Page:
State Police: Concealed-carry licenses ready to be mailed

News-DemocratFebruary 27, 2014 

Illinois businesses must display this sign on entrances if they want to keep concealed weapons out of their buildings.

PROVIDED/BND

Illinois' first concealed-carry gun permits are about to show up in mailboxes.

Illinois State Police issued a media advisory late Thursday afternoon saying ISP is "prepared to begin mailing the first round of approved concealed-carry licenses."

ISP officials and state lawmakers will hold a news conference Friday morning in Chicago to formally announce the milestone.

They plan to offer a glimpse of the actual licenses and provide updated information about the program.

In mid-January, State Police said more than 1,600 people from the metro-east area had applied for permits to carry concealed weapons. At that time, 615 people from St. Clair County and 748 people from Madison County had applied. Statewide, more than 23,000 Illinoisans had applied for a permit.

After much debate, state lawmakers in July approved a bill that allows the carrying of concealed weapons, making Illinois the last U.S. state to allow concealed-carry. Since then, State Police have been working to launch the program, which involved setting up rules and procedures, as well as accepting applications and screening applications.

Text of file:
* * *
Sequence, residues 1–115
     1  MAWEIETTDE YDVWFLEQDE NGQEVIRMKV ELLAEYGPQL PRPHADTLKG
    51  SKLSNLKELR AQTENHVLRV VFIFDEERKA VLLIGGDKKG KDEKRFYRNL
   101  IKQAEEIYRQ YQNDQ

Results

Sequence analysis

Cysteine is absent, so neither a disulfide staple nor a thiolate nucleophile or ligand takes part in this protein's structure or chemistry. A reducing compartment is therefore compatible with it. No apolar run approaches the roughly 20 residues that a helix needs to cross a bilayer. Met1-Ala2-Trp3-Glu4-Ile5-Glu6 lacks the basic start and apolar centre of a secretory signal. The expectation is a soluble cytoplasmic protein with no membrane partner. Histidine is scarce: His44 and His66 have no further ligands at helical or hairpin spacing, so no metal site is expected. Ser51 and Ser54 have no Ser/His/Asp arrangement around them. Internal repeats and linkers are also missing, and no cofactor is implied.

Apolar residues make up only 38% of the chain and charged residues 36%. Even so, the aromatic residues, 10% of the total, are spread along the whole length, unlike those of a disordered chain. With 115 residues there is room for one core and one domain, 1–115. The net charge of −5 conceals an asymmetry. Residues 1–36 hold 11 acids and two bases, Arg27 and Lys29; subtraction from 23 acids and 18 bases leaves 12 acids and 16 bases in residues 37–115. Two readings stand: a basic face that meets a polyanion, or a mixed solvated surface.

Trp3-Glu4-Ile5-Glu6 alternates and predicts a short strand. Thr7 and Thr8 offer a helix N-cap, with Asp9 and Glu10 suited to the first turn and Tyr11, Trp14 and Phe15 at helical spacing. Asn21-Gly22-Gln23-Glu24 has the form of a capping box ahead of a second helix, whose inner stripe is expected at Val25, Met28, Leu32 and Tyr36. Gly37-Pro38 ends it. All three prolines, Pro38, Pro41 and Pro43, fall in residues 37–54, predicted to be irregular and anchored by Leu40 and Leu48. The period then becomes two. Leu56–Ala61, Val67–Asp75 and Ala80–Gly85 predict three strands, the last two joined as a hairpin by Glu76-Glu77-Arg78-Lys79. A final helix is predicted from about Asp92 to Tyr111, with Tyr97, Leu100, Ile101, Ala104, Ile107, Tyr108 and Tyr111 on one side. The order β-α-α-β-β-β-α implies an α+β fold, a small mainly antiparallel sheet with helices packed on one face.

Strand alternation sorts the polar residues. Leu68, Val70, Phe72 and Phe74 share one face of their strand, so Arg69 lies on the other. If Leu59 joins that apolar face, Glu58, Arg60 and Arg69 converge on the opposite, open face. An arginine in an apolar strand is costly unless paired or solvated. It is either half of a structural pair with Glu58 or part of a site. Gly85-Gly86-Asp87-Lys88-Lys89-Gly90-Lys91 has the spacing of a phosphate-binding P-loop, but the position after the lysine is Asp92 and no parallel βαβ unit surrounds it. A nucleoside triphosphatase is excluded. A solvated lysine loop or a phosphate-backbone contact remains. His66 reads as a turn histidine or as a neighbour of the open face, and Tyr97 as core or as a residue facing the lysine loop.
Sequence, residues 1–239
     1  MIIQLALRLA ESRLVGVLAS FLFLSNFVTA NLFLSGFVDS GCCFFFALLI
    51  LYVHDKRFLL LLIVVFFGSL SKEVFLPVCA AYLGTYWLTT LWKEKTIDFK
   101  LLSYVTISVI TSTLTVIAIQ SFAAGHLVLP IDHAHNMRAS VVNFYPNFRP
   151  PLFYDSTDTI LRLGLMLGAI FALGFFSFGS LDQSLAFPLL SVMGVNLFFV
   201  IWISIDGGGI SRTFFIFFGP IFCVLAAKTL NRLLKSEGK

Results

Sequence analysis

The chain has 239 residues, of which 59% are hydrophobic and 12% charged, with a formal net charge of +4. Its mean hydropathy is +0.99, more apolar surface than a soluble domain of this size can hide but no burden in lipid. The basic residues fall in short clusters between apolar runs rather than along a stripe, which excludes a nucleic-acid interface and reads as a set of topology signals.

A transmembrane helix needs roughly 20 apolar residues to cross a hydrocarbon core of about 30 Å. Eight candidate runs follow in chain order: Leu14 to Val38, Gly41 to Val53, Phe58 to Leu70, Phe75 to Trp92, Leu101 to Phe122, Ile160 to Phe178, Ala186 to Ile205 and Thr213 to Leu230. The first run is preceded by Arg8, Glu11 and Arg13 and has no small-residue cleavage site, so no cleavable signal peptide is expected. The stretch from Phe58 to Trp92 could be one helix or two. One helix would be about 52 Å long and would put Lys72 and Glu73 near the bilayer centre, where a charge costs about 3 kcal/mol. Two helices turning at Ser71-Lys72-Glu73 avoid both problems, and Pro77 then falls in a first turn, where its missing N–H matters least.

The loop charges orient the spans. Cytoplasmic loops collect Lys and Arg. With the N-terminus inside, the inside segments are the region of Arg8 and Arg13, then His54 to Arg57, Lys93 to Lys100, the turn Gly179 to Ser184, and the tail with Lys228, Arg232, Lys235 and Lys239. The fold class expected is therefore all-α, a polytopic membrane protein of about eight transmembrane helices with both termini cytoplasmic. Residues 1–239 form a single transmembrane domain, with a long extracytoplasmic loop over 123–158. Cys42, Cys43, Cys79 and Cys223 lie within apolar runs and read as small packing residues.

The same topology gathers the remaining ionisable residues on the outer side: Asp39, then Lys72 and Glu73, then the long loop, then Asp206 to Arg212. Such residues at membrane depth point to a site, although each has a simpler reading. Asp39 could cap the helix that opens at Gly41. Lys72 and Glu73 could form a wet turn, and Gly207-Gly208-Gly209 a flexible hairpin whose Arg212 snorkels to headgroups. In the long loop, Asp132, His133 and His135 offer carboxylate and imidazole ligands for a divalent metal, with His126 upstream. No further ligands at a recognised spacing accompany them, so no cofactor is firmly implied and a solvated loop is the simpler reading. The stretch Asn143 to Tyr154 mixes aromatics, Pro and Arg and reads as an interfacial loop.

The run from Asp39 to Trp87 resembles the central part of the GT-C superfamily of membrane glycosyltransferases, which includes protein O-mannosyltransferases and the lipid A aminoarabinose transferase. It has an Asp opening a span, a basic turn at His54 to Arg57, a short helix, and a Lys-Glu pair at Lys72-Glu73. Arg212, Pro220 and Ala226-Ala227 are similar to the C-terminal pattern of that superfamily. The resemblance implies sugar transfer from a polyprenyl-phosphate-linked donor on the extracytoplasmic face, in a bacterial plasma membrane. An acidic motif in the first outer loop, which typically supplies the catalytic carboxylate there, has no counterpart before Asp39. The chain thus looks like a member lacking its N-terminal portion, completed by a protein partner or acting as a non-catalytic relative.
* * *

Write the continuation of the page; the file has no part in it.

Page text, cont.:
Those who are 21 or older, have a valid Firearm Owners Identification Card, complete a 16-hour training course and pass a background check can obtain a concealed carry permit for a fee. The five-year permits cost $150 for residents and $300 for nonresidents.

The law bans carrying concealed firearms in places such as schools, child-care facilities, courthouses, public transportation, college and professional sports stadiums and in establishments where alcohol sales make up more than 50 percent of a business's receipts.

Illinois lawmakers have projected that there would be 350,000 to 400,000 applications for concealed carry permits in the first year of the law.

Applications for permits are processed and approved by State Police. A local sheriff or police chief can object to an application. Applicants who are rejected can appeal to a review board.

State Police have up to 90 days to approve or deny applicants, provided their applications are complete and fingerprints are submitted in an electronic format. If an applicant's fingerprints aren't submitted, the State Police will have an additional 30 days to complete a manual background check.

Contact reporter Brian Brueggemann at bbrueggemann@bnd.com or 239-2511.

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